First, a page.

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This is the *exact* order to apply products in the shower, according to dermatologists


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Photo: Stocksy/Guille Faingold

You’ve been showering since you were, like, able to walk, and I can almost guarantee you that not much has changed in terms of logistics: lather, rinse, repeat (capeesh?). As you suds up, however, you may find yourself pondering one of life’s most philosophical questions. What comes first: the body wash or the shampoo?

Because, as it turns out, there is actually a right way to shower. Not that you’d completely ruin your hair or that your skin would fall off, but there’s a certain order that dermatologists believe works best in terms of keeping everything in tip-top shape.

“I like to exfoliate, wash the hair, and then wash the body,” says Mona Gohara, MD, a Danbury, Connecticut-based dermatologist. “Washing your body should be the last step because then it rinses off residuals from the first two steps.”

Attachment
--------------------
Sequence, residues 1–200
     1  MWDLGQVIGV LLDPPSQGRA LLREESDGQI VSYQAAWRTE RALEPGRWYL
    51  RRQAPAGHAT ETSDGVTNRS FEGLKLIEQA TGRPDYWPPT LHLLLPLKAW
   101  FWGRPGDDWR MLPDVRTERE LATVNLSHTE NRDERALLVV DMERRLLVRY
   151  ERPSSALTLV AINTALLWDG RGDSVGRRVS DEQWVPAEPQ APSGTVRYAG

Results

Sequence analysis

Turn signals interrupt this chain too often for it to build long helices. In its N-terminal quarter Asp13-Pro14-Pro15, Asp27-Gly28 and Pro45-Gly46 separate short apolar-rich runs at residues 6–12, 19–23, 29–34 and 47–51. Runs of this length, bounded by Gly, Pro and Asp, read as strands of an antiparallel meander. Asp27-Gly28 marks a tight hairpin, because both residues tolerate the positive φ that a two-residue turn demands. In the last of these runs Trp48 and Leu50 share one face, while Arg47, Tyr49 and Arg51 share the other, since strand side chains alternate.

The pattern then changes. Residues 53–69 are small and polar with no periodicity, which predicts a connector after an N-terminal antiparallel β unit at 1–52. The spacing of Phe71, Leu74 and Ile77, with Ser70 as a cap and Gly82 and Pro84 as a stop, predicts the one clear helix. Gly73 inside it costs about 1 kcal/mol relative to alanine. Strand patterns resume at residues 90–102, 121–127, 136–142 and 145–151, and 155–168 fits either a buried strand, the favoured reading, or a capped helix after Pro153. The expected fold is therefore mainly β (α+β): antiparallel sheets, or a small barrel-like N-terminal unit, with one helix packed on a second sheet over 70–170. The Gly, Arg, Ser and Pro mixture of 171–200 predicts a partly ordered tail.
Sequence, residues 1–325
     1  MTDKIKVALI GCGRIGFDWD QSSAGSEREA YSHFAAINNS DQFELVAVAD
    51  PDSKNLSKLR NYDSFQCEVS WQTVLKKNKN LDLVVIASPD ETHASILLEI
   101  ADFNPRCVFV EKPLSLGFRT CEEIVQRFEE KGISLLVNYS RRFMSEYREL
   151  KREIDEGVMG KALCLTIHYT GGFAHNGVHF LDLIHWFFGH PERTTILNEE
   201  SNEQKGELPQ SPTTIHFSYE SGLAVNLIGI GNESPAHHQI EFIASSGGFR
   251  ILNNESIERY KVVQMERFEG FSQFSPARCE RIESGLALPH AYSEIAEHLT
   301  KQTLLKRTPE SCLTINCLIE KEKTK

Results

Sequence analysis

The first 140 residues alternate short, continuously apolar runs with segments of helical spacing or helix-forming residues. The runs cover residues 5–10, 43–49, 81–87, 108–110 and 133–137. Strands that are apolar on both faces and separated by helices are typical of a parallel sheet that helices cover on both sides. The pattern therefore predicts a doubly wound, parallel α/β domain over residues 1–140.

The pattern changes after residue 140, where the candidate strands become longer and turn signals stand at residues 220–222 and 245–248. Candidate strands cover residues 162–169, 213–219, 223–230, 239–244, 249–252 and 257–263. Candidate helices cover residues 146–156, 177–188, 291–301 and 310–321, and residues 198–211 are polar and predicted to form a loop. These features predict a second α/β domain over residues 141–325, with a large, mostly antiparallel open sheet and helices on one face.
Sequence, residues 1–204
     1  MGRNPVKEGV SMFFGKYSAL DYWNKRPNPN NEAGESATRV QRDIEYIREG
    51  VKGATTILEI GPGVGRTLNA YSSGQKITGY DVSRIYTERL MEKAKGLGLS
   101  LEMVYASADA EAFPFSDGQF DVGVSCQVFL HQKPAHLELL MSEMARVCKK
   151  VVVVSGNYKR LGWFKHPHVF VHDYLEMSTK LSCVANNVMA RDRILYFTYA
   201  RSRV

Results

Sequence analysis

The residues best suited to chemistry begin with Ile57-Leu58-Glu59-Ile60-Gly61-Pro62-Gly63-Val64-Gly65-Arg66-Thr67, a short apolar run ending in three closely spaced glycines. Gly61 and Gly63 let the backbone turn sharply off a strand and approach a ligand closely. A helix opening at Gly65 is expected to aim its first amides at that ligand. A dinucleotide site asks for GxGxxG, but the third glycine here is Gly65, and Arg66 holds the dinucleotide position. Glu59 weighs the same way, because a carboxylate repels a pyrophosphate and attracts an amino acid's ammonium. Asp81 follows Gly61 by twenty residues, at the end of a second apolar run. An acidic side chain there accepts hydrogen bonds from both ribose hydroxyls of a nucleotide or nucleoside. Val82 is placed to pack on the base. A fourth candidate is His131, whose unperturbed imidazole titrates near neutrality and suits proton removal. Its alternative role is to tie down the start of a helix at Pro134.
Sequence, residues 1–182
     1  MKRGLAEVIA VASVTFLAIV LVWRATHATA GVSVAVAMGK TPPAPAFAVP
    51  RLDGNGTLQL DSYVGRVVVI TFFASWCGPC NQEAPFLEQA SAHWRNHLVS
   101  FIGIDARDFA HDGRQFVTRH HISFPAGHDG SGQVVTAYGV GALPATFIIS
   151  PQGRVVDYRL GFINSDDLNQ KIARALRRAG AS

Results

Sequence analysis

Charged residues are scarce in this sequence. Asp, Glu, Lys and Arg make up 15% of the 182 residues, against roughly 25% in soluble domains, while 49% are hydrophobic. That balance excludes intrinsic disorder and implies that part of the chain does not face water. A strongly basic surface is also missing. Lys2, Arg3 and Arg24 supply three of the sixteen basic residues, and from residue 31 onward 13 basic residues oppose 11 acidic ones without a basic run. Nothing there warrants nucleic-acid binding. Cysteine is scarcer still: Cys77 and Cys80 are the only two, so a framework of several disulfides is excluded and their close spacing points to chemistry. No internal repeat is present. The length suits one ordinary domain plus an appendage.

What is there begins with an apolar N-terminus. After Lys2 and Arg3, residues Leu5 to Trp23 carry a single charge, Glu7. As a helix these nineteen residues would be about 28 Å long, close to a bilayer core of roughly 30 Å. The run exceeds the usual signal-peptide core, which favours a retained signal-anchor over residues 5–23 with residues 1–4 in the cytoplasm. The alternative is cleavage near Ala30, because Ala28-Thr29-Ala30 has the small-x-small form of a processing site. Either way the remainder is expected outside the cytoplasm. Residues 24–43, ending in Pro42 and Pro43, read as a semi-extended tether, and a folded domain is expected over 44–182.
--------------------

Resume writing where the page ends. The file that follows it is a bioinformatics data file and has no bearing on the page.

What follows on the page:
“Washing your body should be the last step because then it rinses off residuals.”

The post-shampoo body cleanse is key, since certain ingredients in hair products—especially conditioners—could potentially spawn breakouts (think silicones, ultra-heavy oils, and the like). “If you have a condition like acne, your hair products could trigger that,” says Heidi Waldorf, MD, a dermatologist from Waldorf Dermatology Aesthetics. “If this is the case, you’d ideally want to wash your face and body after rinsing your hair completely.”

Dr. Gohara agrees: “Often people wash their body first and then loose skin cells or pore-clogging conditioners will be left hanging out,” she says. In other words, you should clean your skin last or else you could wind up giving yourself a case of backne (AKA back acne).

There are small caveats to the ideal system. Dr. Waldorf points out that if you have dandruff and use a medicated shampoo, you should leave that on your scalp while you wash your face and body, and then shampoo and condition. And, of course, it’s important what personal care products you use.

“The biggest mistake is using something drying to cleanse your skin with,” says Dr. Waldorf. “Use something replenishing. If you exfoliate in the shower, be sure to moisturize afterwards.”

So there you have it, folks—to ensure you don’t get a case of backne or buttne or residue on your body, stick to these steps. “And keep the whole thing brief,” adds Dr. Waldorf. “Long showers dry the skin out.”

All you need is $3 to turn you shower into a full-on spa. But remember: showering less is the ultimate beauty biohack.  

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